Tag Archives: a Malaysian state
For most people, Borneo conjures up images of a wild and distant land of rainforests, exotic beasts, and nomadic tribes. But that place increasingly exists only in one’s imagination, for the forests of the world’s third-largest island have been rapidly and relentlessly logged, burned, and bulldozed in recent decades, leaving only a sliver of its once-magnificent forests intact.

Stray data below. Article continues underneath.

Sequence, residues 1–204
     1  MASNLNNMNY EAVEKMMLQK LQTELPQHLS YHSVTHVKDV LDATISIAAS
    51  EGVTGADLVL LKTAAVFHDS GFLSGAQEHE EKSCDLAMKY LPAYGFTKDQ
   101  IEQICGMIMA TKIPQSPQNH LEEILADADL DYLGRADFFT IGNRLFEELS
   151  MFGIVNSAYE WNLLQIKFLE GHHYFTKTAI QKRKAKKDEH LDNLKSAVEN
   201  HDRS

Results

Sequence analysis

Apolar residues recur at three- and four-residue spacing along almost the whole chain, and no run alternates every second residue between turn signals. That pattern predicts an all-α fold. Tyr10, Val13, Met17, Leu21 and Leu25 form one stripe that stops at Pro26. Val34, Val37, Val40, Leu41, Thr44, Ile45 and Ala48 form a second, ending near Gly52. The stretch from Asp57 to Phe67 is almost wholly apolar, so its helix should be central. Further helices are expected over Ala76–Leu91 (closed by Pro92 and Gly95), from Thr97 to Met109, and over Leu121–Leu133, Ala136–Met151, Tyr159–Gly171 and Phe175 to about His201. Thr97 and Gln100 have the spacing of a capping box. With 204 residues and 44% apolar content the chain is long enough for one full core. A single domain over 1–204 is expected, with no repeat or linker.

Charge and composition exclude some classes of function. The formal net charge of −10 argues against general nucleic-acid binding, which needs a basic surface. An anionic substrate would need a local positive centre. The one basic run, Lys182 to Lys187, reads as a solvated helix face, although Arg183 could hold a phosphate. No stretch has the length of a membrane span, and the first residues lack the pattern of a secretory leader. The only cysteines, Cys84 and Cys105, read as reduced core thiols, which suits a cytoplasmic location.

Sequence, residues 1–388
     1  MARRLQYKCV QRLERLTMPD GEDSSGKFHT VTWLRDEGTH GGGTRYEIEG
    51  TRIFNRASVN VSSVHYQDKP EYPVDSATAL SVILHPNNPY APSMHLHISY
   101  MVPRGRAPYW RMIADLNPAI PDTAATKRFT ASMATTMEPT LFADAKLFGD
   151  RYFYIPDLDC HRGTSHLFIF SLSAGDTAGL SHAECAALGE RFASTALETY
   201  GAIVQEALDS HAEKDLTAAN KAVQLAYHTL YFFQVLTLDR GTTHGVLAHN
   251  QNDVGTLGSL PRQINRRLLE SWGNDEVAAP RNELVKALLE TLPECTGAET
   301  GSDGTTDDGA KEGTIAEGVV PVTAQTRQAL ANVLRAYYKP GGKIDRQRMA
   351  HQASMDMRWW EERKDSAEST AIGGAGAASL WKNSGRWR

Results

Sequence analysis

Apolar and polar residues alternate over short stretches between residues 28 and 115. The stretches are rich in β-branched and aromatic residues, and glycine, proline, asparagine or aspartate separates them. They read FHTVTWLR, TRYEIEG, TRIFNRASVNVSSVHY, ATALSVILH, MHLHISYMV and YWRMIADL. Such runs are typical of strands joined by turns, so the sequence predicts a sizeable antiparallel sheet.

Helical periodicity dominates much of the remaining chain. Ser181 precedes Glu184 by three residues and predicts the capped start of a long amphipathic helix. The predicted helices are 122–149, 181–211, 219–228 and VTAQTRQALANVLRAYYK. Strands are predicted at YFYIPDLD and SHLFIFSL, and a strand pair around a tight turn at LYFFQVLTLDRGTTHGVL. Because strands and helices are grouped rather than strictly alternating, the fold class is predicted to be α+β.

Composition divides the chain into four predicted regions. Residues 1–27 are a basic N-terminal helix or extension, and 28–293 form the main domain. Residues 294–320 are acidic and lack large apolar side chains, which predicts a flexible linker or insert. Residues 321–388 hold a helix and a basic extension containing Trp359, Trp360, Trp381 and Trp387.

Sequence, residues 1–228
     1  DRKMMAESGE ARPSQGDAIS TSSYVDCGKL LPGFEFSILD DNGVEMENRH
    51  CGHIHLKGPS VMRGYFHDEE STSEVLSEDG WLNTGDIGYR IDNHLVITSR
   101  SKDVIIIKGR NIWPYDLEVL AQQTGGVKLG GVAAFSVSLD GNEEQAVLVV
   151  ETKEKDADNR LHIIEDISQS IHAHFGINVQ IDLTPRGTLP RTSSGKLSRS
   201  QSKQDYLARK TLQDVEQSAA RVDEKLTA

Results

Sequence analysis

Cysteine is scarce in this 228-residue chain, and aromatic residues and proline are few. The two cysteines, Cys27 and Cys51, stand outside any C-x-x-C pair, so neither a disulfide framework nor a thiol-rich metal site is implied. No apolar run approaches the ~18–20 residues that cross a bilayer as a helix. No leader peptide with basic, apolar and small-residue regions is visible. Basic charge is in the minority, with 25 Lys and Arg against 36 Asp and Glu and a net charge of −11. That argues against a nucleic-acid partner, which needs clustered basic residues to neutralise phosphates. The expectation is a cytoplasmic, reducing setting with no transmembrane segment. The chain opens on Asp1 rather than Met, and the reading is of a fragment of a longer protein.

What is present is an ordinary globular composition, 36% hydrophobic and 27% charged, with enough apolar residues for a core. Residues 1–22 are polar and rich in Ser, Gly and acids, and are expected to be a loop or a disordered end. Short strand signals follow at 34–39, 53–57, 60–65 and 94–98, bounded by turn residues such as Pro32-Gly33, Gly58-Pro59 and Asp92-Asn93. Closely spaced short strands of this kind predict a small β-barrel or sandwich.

Flying over Sabah, a Malaysian state that covers about 10 percent of Borneo, the damage is clear. Oil palm plantations have metastasized across the landscape. Where forest remains, it is usually degraded. Rivers flow brown with mud. The fate of one sprawling tract of rainforest in Sabah, originally designed to be selectively logged and provide steady income for the people of the state, tells the tale of what has happened to Borneo’s forests — and highlights a possible path to restore some of them.